Freedom Wing AES COVID-19 Support

  • Published
  • By Staff Sgt. Michael Hong
  • 514th Air Mobility Wing

More than 20 Reserve Citizen Airmen with the 514th Aeromedical Evacuation Squadron, 514th Air Mobility Wing, gathered here at Joint Base McGuire-Dix-Lakehurst, N.J., to prepare to deploy in support of COVID-19 relief on April 8th, 2020. Hailing mostly from New Jersey, New York and Pennsylvania, our members were notified as recently as Sunday that they will be activated for an extended time in our efforts to combat the coronavirus pandemic.


This group is composed of aeromedical evacuation technicians, flight nurses, aerospace medical service corps officers, medical service personnel and medical material specialists. Each member self-identified as volunteers two weeks ago and every member answered the call when the time came.


“We train a lot to prepare for things like this,” said Lt. Col. Dennis Castro, senior flight nurse with the 514th AES.


"I'm super excited to put my training to use," said Senior Airman Kayla Thompson, aeromedical evacuation technician, 514th AES. "It's what we get ready for."


Although the vector of this deployment isn't quite clear, this team is prepared to go wherever they are directed.


"We are flexible and we will go with it whichever way it goes," said Capt. Chevon Gray, flight nurse, 514th AES. "We're keeping our minds open and just looking forward to having an impact--being an influence."


"On Sunday I received a phone call and I was floored," said Gray. "I said, 'I'm totally looking forward to it!'"


"We'll be--in a way--getting the best kind of training we could possibly ask for," said Gray.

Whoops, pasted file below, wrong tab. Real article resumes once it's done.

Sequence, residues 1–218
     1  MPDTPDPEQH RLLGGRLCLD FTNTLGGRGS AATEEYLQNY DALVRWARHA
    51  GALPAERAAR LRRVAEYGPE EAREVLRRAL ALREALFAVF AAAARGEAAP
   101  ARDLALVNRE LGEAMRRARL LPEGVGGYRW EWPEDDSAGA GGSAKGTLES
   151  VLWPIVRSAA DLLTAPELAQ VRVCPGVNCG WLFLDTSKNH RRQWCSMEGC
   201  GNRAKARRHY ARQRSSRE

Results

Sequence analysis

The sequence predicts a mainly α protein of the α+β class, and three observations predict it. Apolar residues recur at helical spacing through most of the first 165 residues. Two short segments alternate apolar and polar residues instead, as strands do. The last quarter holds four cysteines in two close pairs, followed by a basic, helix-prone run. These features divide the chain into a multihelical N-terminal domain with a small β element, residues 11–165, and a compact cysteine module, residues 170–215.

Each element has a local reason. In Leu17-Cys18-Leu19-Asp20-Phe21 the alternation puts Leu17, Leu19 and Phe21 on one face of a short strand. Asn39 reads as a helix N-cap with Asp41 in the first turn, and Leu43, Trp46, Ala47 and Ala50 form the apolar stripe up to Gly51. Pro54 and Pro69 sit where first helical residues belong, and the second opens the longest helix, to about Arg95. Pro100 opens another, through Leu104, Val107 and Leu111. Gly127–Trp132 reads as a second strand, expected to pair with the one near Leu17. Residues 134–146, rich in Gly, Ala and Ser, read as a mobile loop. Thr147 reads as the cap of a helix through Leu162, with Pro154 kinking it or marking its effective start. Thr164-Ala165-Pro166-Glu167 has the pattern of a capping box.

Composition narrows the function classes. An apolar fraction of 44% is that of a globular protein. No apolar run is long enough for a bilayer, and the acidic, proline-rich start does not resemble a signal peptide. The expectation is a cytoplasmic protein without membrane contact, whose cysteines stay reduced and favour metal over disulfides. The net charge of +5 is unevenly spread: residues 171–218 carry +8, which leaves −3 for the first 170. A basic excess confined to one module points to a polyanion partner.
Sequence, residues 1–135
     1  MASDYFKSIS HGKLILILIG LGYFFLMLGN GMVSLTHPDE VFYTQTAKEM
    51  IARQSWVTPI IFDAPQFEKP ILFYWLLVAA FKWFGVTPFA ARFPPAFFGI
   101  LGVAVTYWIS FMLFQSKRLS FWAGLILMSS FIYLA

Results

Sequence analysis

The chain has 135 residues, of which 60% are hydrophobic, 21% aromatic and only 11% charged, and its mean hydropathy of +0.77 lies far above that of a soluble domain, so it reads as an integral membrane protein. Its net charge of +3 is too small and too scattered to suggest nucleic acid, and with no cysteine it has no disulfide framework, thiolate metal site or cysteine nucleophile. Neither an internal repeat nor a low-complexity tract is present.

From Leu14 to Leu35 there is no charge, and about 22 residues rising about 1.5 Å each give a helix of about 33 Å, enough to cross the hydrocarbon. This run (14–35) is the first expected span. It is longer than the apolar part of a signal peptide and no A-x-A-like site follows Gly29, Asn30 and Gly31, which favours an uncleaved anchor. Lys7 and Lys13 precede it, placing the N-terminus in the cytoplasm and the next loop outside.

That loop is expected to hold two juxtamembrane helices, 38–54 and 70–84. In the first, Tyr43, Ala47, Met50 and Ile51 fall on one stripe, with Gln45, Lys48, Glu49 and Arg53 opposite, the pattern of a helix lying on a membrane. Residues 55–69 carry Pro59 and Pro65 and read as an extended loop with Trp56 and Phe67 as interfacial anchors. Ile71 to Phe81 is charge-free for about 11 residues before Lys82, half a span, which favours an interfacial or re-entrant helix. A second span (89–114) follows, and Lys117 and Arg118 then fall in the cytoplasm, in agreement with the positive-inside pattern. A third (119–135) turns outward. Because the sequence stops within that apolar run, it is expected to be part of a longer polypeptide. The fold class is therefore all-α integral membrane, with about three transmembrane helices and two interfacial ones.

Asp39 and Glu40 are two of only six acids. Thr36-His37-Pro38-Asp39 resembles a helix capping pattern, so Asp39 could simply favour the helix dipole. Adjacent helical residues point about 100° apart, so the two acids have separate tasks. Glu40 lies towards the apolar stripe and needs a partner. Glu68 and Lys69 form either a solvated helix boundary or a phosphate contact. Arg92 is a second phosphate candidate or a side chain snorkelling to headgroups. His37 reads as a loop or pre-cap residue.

This wasn't the first time the 514th AES was postured to respond to a national need. During the 2014-2016 Ebola outbreak in West Africa, the squadron was postured to be available should the need arise.


"We would get information from the Air Force Reserve command and it would trickle down," said Castro. "It's up to us to find out if members are available and for how long."


For now, this group is slated to go to Joint Base Charleston, S.C., to complete Transport Isolation Systems training. The TIS is a device originally used to transport Ebola patients, either by C-17 Globemaster III or C-130 Hercules, while preventing the spread of the disease to medical personnel and aircrews while transporting a patient to hospitals that have the capacity to treat patients.


Our 514th AES members are preparing to join others throughout the Air Force, sister services and possibly our NATO partners as TIS alone requires additional support team members to include biomedical repair technicians, bioenvironmental engineering personnel and medical logisticians, as well as aeromedical evacuation crews and critical care air transport team members to operate.


"I feel blessed to be able to go in and support this operation," said Chief Master Sgt. Jennifer Moses, aeromedical evacuation technician, 514th AES. "It's an opportunity for us to take care of America and our partners."


The 514th AES is one of 18 Aeromedical Evacuation Squadrons in AFRC and there are 31 permanent AES's in the U.S. Air Force.